Beauty pageants earlier, around the 1920s, barred women of color from participating. Though the rules were obviously changed, there was still a lot of oppression and frustration.
It is the year of firsts. This time, Miss USA, Miss Teen USA, and Miss America are all black women. This is the first time in the history of pageants that this has happened. If you know pageant history, then this is a pretty big deal. According to CNN, beauty pageants earlier, around the 1920s, barred women of color from participating. Though the rules were obviously changed, there was still a lot of oppression and frustration. From that to this, is a huge achievement. It is only in the last fifty years that women of color have been more prevalent in these competitions.
To take a look back at history, Vanessa Williams was the first black Miss America in 1983, and Carole Anne-Marie Gist, the first black Miss USA contestant, was crowned in 1990. The following year Janel Bishop became the first black Miss Teen USA. Now, when Cheslie Kryst was named 2019's Miss USA on Thursday, she became part of a historic trio, along with 2019 Miss Teen USA Kaleigh Garris and 2019 Miss America Nia Franklin. Here's what you need to know about the three of them.
Miss USA Cheslie Kryst works on behalf of prisoners, as the 28-year-old is an attorney with a mission to help reform America's justice system. She's received three degrees from two colleges. Kryst, who is from North Carolina, practices civil litigation for a law firm. Her passion is to help prisoners who have been unjustly jailed get reduced or no punishments. The best part of it is that she does all of it for free.
In a video played during this week's competition, Kryst shared a story about how a judge at a legal competition suggested she wear a skirt instead of pants because judges prefer skirts to pants. "Glass ceilings can be broken wearing either a skirt or pants," she said. "Don't tell females to wear different clothes while you give the men substantive feedback on their legal arguments."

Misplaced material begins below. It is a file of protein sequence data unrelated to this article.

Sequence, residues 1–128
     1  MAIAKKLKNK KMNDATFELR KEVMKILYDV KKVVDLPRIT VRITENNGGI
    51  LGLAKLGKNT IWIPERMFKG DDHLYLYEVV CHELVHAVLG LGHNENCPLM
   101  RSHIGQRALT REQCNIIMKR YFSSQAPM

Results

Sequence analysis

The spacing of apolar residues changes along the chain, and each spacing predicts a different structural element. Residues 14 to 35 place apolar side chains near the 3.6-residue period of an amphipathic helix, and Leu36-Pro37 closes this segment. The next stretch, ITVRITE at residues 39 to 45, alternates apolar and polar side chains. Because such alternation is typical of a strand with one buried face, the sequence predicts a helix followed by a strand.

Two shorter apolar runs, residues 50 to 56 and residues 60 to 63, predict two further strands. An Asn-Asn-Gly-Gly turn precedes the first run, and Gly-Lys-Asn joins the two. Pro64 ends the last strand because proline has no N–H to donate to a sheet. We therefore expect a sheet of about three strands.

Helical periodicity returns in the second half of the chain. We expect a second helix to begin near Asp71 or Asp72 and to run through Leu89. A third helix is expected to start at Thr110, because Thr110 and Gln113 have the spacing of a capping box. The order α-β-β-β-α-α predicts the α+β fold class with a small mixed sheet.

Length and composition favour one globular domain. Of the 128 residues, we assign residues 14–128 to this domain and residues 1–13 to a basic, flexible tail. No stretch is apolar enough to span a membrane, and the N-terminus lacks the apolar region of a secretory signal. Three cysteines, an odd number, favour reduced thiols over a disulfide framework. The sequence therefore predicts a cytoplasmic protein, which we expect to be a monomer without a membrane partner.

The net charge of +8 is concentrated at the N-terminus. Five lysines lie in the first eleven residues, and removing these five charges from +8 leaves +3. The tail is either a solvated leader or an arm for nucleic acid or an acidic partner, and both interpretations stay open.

Miss Teen USA Kaliegh Garris was crowned on Sunday and she did so in her natural, beautiful curls. "I know what I look like with straight hair, with extensions, and with my curly hair, and I feel more confident and comfortable with my natural hair," the 18-year-old from Connecticut told Refinery29. She spoke about how she had to fight against beauty standards when she was told that straight hair is better than curls.
She spent a lot of time straightening it but stopped one day. At first Garris had doubts about her curly hair, but eventually, she began to embrace her new look. "When I was younger, I debated if it was the right thing. But as I've gotten older, it makes me feel unique," she says. She ignored everyone's criticism and went on to win the title of Miss Connecticut Teen USA with her natural hair and then Miss Teen USA. More power to you!
Miss America Nia Franklin had a lot of help from music, and now she's trying to do the same to children, to try and inspire them. Franklin is an opera singer, and during the competition, she explained how she discovered her identity through music. "I grew up at a predominately Caucasian school, and there was only 5% minority, and I felt out of place so much because of the color of my skin," the 23-year-old North Carolina native said.
"But growing up, I found my love of arts, and through music that helped me to feel positive about myself and about who I was," she added. Franklin, who represented New York, showed her passion for music when she sang "Quando m'en vo'" from Puccini's "La Bohème." Wowing the judges, she was crowned the 2019 Miss America. She's an advocate for arts and hopes to help people, especially children, and artists, through the power of music.